Thursday, December 27, 2007

Bhibbak ya Lebnan!

I just read this article in The New York Times. It made me soooooo happy to see that Beirut is finally getting a break, even if it is for a very short and limited time. I love Lebanon and I pray that the people of this beautiful country as well as all the people of this great region, Palestinians, Iraqis, Jordanians, Egyptians, Yemenis, everybody find peace and happiness.

We all want a place to call home. And we all want this place to be home.

The Arab divide started with the Palestinian Diaspora and today we have a plethora of diasporas....wal habbel 3al jarrar. Funny how the brain drain is accelerating in the Arab world, while in Israel they are working on incentives for brain gain.

One's drain is another's gain!

Home on Holiday, the Lebanese Say, What Turmoil?

BEIRUT, Lebanon — Lebanon may seem an unlikely holiday spot: the government has collapsed, car bombs go off periodically and foreign envoys warn of an impending civil war.
And yet, so many people have been streaming into this tiny, embattled country in recent days that the flights are all overbooked, and some well-heeled travelers are driving 18 hours from the Persian Gulf. Beirut’s restaurants, bars and malls are all packed with revelers.

Why? The answer is that the Lebanese diaspora reverses itself on holidays, as the migrants who sustain the war-shattered Lebanese economy all year return from jobs across the globe to spend time with their families. Nothing will deter them — not bad weather, not interminable flights and certainly not the Grinch-like mood of Lebanon’s endlessly feuding politicians.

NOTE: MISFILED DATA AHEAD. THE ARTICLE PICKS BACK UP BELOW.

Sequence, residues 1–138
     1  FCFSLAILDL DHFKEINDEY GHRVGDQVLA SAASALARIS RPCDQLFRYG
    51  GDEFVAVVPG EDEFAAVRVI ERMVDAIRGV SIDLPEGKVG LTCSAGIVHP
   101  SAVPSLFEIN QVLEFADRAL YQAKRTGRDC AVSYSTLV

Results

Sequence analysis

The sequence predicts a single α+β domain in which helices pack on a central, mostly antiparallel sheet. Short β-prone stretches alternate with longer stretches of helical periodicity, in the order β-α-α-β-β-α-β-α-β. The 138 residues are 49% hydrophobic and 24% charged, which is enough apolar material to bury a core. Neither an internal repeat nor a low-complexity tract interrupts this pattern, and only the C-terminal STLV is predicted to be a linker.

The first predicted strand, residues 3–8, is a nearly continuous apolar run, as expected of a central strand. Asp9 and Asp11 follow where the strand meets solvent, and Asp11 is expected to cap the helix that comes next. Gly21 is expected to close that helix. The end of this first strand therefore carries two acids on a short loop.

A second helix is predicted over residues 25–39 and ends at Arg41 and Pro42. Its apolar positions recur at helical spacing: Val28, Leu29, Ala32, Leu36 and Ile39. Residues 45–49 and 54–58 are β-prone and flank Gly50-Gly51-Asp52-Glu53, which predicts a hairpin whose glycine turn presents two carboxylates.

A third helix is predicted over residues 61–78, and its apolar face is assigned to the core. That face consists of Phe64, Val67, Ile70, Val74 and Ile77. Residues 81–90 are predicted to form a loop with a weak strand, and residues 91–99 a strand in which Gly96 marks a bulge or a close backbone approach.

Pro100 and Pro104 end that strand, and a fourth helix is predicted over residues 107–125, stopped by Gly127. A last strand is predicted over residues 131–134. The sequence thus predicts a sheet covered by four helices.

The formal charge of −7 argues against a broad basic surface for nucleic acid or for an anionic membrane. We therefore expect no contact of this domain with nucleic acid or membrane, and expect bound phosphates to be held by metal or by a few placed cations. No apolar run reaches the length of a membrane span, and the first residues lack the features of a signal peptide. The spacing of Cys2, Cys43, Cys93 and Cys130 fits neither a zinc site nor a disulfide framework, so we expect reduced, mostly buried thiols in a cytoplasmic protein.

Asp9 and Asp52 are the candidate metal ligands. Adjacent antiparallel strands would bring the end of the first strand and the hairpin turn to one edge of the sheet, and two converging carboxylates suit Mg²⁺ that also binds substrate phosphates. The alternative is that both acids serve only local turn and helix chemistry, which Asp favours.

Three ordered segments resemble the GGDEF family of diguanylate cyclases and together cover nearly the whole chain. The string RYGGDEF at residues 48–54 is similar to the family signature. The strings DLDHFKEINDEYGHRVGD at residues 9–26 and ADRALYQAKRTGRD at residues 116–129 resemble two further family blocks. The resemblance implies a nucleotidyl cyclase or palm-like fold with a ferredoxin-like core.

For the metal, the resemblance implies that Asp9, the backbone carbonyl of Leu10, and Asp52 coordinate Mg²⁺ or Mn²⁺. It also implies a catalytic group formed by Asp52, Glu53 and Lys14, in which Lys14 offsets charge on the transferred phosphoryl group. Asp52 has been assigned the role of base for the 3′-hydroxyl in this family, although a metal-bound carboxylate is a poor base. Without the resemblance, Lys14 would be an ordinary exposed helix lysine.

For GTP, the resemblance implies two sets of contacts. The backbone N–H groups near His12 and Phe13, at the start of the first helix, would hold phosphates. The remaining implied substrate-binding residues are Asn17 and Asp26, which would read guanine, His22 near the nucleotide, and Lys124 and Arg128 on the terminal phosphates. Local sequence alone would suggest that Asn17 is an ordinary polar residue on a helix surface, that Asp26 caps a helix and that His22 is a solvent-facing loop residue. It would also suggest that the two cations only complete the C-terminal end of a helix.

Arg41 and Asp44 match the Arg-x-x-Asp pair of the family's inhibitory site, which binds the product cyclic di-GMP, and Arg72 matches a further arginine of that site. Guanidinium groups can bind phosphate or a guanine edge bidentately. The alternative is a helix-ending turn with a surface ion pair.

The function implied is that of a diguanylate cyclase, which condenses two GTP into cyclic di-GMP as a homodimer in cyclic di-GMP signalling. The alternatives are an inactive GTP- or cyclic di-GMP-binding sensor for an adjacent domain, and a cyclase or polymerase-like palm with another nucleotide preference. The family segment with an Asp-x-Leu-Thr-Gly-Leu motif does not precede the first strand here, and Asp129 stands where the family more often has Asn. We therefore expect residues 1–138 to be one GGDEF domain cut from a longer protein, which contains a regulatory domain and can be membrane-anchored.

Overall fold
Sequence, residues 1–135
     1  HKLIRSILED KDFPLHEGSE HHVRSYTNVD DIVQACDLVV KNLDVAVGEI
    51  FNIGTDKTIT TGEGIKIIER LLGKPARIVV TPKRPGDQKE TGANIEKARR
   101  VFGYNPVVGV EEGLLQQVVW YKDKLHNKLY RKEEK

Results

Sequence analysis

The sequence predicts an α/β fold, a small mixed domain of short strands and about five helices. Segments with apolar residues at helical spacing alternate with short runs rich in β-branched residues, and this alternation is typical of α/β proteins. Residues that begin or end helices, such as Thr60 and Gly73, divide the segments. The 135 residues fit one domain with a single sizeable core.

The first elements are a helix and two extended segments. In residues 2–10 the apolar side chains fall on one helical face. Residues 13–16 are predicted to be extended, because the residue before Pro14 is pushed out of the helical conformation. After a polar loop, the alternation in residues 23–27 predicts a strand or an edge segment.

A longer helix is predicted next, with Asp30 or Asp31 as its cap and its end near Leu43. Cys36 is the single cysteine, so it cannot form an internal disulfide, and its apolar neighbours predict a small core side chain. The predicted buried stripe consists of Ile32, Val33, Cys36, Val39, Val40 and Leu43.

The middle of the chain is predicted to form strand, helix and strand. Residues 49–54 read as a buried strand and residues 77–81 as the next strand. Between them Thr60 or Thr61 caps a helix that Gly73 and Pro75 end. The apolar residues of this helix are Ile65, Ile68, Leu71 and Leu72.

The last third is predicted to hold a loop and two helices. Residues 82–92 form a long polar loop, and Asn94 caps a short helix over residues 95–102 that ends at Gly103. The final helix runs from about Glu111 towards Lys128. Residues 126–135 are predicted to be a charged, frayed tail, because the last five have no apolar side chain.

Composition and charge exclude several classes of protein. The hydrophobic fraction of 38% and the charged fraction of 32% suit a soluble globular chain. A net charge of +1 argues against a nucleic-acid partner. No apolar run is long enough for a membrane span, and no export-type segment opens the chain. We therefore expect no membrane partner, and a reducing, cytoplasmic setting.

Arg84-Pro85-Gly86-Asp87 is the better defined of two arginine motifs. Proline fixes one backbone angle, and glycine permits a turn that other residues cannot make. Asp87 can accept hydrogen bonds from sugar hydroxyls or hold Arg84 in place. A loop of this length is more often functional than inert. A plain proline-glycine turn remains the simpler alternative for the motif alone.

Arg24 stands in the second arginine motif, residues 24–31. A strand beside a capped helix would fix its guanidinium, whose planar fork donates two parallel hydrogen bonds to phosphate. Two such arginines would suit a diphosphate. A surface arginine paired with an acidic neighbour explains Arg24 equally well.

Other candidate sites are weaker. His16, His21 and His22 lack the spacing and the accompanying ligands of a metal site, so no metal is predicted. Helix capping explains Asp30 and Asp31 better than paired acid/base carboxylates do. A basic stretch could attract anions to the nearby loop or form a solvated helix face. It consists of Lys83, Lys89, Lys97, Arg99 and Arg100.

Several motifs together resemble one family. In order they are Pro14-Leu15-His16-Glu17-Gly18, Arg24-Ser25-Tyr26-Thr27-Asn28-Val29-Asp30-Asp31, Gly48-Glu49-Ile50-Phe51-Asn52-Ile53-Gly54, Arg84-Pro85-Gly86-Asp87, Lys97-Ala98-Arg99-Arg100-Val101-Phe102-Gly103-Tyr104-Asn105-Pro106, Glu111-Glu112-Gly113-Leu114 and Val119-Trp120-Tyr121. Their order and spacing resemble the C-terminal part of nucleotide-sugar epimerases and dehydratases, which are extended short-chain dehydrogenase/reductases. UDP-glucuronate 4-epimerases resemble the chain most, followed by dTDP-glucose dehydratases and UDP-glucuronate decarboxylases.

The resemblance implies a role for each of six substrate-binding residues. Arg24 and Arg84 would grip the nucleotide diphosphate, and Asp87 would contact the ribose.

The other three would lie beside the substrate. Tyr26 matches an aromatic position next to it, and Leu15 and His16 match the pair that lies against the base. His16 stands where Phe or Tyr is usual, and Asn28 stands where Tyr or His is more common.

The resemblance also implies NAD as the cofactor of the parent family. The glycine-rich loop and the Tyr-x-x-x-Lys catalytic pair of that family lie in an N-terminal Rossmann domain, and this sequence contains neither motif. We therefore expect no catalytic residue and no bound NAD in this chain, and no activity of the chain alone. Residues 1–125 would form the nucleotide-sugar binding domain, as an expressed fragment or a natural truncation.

“My plane was full of Lebanese flying home, and when it landed we all shouted ‘Beirut’ and clapped,” said George Elias, 23, who works for an investment firm in Japan.
He and a dozen friends — mostly Lebanese who work abroad — were in the midst of a pub crawl in Gemayze, a fashionably bohemian district. All of them wore identical white T-shirts with “Free Hug” printed across the front, and they were hugging everyone they saw, in a puckish campaign of mass affection.

“Politics is causing problems in Lebanon, so we want people to think about something else,” Mr. Elias said.

When a Lebanese Army soldier appeared on the street, the group besieged him with free hugs. He obliged with a smile, his machine gun jostling at his waist with each hug.

Across town in western Beirut, the malls were packed with glamorously dressed shoppers, and even outdoor cafes were full, despite the 50-degree chill.
“Look at all these people — there’s a political crisis, but do they care?” said Ali Hasbini, a burly 30-year-old sitting at a cafe table with three other young Lebanese overseas workers in the Verdun district. “Of course not.”

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